The first goal of discipline is to protect your child from danger. Another important goal is to teach your child an understanding of right from wrong. Reasonable limit setting keeps us from raising a “spoiled” child. To teach respect for the rights of others, first teach your child to respect your rights. Begin external controls by 6 months of age. Children don’t start to develop internal controls (self-control) until 3 or 4 years of age. They continue to need external controls, in gradually decreasing amounts, through adolescence.
Guidelines for setting rules
Begin discipline after 6 months of age. Young infants don’t need any discipline. By the time they crawl, all children need rules for their safety.
Express each misbehavior as a clear and concrete rule. Examples of clear rules are “Don’t push your brother” and “Don’t interrupt me on the telephone.”
Also state the acceptable or appropriate behavior. Your child needs to know what is expected of him. Examples are “Play with your brother,” “Look at books when I’m on the telephone,” or “Walk, don’t run.”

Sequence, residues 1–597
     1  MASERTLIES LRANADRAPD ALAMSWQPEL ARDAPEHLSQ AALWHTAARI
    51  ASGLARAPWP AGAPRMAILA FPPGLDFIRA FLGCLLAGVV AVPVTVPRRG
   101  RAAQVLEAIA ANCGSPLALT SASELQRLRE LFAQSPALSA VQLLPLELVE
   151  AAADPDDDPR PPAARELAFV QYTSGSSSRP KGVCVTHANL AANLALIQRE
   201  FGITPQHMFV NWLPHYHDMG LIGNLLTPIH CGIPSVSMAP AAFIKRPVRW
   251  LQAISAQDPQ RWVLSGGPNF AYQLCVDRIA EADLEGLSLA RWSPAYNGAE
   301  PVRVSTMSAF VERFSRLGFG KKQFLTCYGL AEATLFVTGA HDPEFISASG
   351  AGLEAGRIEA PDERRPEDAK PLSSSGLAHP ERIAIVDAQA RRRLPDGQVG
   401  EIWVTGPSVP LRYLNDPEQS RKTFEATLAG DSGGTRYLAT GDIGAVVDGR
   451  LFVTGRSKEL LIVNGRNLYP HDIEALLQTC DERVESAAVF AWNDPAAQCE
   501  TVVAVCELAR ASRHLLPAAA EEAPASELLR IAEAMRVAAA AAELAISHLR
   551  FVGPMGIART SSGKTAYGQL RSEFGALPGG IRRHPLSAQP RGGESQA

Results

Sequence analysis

Ignore unimportant or irrelevant misbehavior. Avoid constant criticism. Behavior such as swinging the legs, poor table manners, or normal negativism is unimportant during the early years.
Use rules that are fair and attainable. A child should not be punished for behavior that is part of normal emotional development, such as thumb sucking, fears of being separated from the parents, and toilet-training accidents.
Concentrate on 2 or 3 rules initially. Give highest priority to issues of safety, such as not running into the street, and to the prevention of harm to others. Of next importance is behavior that damages property. Then come all the annoying behavior traits that wear you down (such as tantrums or whining).